Guest post: A meditation on parks


Welcome back from Reading Week!

Today I have for you the third instalment from Professor Shelley Hulan about her recant travels in India and England.

“Being a walker by habit and inclination, I naturally gravitate towards routes and destinations that favour the carless. This winter I’ve been lucky enough to be able to compare parks in two of the world’s great cities, Delhi and London. In metropolitan centres as ancient as these two, a couple of things are immediately apparent: First, the city’s inhabitants take their shared spaces—and the universal right to them—very seriously. Second, whatever their history (and they are likely to have plenty of it), these spaces are always working spaces. Their flora and fauna, beautiful to look at, are “ornamental” in precisely the sense identified in the OED: they are the accessories, often functional in their own right, of a larger, more important entity.

What makes these parks more important than their component parks are the ideas and attitudes implicit in visitors’ use of them. Beautiful oases in the heart of crowded urban centres, these parks are democratic. On any day of the week you will see a cross-section of society that includes people of every class and occupation, all with an equal right to the space and all using it to fulfil immediate needs: to exercise, to socialize, to picnic with friends and family, or just (a most precious possibility) to spend time in relative seclusion beneath the trees. In the parks you see in these photographs, places may be found to do all of the above, even on busy Sunday afternoons, when I took most of these pictures.

Without further ado, I give you Lodi Gardens and Jantar Mantar, both historic and archaeological sites in central Delhi, and Greenwich, St. James’s Park, and the Mall (closed to cars on Sundays) in London.”

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4 responses to “Guest post: A meditation on parks

  1. Such beautiful parks and such storied places! And still preserved for all to enjoy.It is a wonder that they have not been built over with condos or parking garages in this day and age…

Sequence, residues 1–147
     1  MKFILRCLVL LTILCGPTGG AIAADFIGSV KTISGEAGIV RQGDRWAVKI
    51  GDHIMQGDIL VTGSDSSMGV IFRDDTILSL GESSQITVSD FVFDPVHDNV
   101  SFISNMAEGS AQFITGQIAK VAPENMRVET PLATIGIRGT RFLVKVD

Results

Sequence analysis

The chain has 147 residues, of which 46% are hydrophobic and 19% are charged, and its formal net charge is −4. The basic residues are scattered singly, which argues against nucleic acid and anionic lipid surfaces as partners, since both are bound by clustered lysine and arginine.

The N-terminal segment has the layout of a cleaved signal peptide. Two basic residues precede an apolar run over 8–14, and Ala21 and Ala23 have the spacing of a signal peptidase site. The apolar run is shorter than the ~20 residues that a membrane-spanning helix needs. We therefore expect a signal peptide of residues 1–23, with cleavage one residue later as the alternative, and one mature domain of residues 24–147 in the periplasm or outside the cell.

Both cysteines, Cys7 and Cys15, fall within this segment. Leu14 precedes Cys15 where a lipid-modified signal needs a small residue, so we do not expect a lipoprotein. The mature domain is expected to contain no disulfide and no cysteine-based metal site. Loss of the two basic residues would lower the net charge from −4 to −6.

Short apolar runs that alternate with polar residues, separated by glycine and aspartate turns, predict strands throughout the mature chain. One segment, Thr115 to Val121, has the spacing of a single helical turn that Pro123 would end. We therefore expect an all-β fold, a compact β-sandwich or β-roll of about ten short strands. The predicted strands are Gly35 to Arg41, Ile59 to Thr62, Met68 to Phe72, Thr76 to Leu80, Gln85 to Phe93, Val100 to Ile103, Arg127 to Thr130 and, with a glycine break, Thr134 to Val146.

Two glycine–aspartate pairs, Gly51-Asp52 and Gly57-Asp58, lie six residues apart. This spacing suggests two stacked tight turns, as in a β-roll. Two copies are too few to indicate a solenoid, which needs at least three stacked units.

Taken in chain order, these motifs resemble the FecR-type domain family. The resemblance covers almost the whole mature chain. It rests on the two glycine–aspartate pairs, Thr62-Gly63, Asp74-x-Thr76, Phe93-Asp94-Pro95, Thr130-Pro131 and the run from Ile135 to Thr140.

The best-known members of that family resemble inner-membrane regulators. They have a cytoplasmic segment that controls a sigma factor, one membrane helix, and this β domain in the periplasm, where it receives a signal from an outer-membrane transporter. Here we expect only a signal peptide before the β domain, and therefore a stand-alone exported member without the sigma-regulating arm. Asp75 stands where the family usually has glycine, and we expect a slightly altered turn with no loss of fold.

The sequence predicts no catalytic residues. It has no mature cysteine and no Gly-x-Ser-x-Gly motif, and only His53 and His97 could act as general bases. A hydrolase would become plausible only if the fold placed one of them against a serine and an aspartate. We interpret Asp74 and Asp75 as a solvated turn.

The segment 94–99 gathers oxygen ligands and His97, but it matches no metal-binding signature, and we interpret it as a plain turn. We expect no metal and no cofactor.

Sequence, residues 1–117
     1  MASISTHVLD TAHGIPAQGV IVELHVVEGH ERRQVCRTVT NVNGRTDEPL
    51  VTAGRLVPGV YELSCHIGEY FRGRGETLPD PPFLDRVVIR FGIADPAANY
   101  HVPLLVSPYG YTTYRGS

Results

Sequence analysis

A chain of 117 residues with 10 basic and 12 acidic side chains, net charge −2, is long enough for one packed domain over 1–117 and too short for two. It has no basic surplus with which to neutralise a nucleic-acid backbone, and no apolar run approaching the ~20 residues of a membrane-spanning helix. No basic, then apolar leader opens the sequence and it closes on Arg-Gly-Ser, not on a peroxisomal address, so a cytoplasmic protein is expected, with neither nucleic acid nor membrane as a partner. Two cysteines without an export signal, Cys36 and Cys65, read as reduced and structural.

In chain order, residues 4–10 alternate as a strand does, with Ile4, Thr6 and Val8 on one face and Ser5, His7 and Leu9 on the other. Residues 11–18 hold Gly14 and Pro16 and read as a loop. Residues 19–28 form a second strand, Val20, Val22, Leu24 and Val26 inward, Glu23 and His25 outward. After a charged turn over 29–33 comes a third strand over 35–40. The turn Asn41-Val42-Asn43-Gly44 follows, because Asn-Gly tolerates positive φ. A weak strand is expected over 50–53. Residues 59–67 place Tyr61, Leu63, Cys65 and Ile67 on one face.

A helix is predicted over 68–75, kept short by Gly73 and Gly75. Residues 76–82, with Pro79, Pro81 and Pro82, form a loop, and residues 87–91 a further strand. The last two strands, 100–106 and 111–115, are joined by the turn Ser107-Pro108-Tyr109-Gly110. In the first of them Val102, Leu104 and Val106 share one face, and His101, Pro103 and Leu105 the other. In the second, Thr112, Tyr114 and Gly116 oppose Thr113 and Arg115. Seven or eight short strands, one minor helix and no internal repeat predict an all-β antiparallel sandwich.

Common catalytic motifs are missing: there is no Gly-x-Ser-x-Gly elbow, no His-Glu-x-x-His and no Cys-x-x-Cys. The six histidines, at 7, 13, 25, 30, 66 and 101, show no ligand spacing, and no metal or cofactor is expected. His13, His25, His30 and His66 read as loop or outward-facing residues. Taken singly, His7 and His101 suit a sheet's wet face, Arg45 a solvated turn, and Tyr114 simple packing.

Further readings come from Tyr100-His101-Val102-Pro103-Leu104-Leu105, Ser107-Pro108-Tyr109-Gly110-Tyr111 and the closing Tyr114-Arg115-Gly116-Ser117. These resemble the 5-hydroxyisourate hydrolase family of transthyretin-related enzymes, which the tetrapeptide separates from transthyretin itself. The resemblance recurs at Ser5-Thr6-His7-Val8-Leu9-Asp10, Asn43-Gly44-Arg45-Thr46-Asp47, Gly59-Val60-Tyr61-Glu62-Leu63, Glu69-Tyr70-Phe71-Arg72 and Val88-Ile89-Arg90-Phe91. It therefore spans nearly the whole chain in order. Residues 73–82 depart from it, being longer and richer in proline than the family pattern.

2. The residents of London and Delhi are fortunate to have such parks. History and green space melded together!

  3. I like the sequence of slides showing the Moghul (I assume) architecture of the Delhi parks followed by the late Stuart and Georgian architecture (again I assume) of London’s parks.The contrast is a visual metaphor, perhaps, of the collision of empires, both now in ruins. I love the idea that those imperial ruins are now places for everyone–and not just the upper crust of yore– to visit!

  4. I’m sorry for the wooly-headedness of my last comment; a case of a “little learning” becoming “a dangerous thing.” First, the “collision” of British and Moghul empires was more of a gradual conquest, I think, by the British, ending with the banishment of the last Moghul emperor to Burma in the 1860’s. Second, although Greenwich Palace and St James Palace might be symbolic of British imperialism and aristocracy(and are now no longer restricted spaces), they are hardly “imperial ruins” as they are still standing. I simply found the slide sequence interesting because it merges Moghul empire buildings with British palaces in the same set of slides and so suggests the intimate but tortured relationship between the two empires for about two centuries.

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